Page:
Third year architecture students from Dundee University have put the finishing touches to a Dundee church more than a century after it was built. Logie and St John’s (Cross) Parish Church on Shaftesbury Avenue was built more than 100 years ago but the steeple on the building was never completed. The church’s minister, the Rev David Gray, is a former architect and decided to offer architecture students from Dundee University the chance to imagine how the steeple could be completed. Although their designs will not be built, year leader Ralph Tilston said the project allowed students to work together and let their imaginations run wild. He said: “Part of the competition is the idea that design is a collaborative process. “Students tend to sit on their own and produce designs but the reality is they will often be working in teams.” Mr Tilston added: “The other thing is that competition like this gives them the opportunity to try out new ideas. “They have academic work they must do but this gives them the chance to do something a bit more wacky.” The competition was sponsored by the Dundee Institute of Architects and the group’s Joe Narsapur and Mr Gray picked two joint winners. The first winning team comprised of Dino Cambanos, Georgios Chatzikomnou, Paola Denton and Adam Lancaster-Bartle while Georgia Burghardt-Scriven, Katarina Partikova, Erika Varha and Bowen Wang made up the second winning team. The designs will now be on display at the church between 2 and 4pm every day until next Monday. Logie and St John’s (Cross) Parish Church was built between 1911 and 1914 but the steeple was never completed. In the 1970s a new hall was built at the rear of the building. Its congregation originally met in the City Churches until it was destroyed in a fire in 1841. They worshipped at the Gaelic Chapel on Tay Street until the new church was completed.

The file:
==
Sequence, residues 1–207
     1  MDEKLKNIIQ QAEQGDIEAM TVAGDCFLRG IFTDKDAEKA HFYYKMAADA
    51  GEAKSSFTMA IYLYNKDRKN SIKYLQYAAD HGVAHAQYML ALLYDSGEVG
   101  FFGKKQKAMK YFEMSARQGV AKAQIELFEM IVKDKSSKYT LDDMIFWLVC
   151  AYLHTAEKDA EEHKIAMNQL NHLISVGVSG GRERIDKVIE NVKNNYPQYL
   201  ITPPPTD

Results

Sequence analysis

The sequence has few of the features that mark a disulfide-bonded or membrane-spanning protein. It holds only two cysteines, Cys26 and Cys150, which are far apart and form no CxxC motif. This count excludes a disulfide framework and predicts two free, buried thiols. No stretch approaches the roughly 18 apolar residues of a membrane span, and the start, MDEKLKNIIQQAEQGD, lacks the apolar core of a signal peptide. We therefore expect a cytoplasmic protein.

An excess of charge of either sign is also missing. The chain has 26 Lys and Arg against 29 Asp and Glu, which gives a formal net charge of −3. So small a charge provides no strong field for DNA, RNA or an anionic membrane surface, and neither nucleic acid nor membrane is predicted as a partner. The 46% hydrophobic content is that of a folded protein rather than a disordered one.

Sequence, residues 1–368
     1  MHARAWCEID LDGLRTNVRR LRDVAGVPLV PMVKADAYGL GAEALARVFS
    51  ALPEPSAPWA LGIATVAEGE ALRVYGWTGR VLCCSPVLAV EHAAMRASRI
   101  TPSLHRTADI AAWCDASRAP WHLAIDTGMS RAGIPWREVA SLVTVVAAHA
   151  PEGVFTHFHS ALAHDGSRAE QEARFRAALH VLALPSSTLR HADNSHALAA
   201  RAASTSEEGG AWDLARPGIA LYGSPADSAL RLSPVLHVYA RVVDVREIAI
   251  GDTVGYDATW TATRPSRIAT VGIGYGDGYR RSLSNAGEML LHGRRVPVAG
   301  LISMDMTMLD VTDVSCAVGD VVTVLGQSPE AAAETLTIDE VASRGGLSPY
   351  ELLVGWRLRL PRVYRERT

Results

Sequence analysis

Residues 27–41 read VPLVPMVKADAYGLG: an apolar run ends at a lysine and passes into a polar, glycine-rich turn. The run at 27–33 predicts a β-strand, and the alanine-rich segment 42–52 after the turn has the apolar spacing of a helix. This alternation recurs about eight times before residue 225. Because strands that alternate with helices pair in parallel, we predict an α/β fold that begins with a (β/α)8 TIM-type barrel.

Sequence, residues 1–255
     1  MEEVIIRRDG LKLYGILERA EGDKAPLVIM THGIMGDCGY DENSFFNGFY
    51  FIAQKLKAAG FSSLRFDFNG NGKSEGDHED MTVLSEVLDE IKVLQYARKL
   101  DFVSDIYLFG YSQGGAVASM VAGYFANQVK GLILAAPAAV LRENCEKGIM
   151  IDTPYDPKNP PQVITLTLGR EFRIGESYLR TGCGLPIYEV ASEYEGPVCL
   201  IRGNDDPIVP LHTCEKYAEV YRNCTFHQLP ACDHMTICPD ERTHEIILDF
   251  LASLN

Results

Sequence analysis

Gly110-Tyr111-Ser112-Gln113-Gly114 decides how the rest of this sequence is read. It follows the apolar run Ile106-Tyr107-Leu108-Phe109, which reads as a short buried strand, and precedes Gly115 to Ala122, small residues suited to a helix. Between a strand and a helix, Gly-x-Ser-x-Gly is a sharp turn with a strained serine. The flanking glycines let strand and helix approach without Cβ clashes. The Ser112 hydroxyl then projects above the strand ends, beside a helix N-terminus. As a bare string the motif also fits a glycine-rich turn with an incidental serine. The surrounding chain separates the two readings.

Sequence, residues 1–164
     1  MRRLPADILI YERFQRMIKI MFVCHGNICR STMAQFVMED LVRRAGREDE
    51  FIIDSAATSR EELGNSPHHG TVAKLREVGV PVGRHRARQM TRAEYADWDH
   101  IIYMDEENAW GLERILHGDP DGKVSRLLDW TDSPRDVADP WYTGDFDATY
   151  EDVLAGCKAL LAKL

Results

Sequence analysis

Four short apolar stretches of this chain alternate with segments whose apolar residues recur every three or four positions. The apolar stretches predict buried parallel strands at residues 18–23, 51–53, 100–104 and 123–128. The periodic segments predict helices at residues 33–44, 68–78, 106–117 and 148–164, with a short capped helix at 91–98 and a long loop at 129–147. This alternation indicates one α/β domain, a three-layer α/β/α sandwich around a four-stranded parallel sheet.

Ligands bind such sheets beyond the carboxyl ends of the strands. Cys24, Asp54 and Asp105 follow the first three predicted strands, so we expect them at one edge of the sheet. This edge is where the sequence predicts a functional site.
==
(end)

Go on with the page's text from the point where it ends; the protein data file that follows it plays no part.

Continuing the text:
Thieves have ransacked a Dundee church causing thousands of pounds worth of damage even raiding its kitchen for tea bags. Criminals broke into Coldside Parish Church in the dead of night, pillaging numerous rooms in the complex before making off with an eclectic haulincluding flat-screen televisions and part of a sound system. The raiders also tore their way through dozens of charity shoeboxes destined for the poor of Romania. Shocked members of the congregation discovered the crime after they went to open the recently-renovated church hall for community events on Monday morning. The Rev Tony Thornthwaite described the break-in as “bizarre” and “disappointing”. He told The Courier: “We do things here for the community.It is so disappointing that this has happened. The building is getting used a lot and we really do as much as we can. “It is going to make life a bit moredifficult for a while.” Police are now hunting those behind the raid, which took place between 9.30pm on Sunday and 8am on Monday. The criminals broke into the church hall before ransacking the entirebuilding, including smashing their way through a door into the body of the kirk, scattering glass shards in front of the altar. Several high-value goods were taken, including two flat-screen televisions,valued at hundreds of pounds, as well as part of the church’s sound system and a laminator. The raiders also ransacked the church’s kitchen, stealing teabags and a bin, as well as flinging polystyrene cups around the room. “It is bizarre,” Mr Thornthwaite said.“We host lots of events in the facility, it is really used by the community. We were meant to have one with NHSTayside that we’ve now had to cancel. “We also host the R&R caf here, which has been really successful, and are opening a community caf too. It is just a very disappointing thing to have happen.” A spokeswoman for Police Scotland, Tayside Division, said: “We received a report of a break-in at Coldside Parish Church between 9.30pm on Sunday and 8am on Monday. “A number of items were taken and officers are currently investigating. Anyone with any information is asked to contact Police Scotland on 101 or speak to any officer.”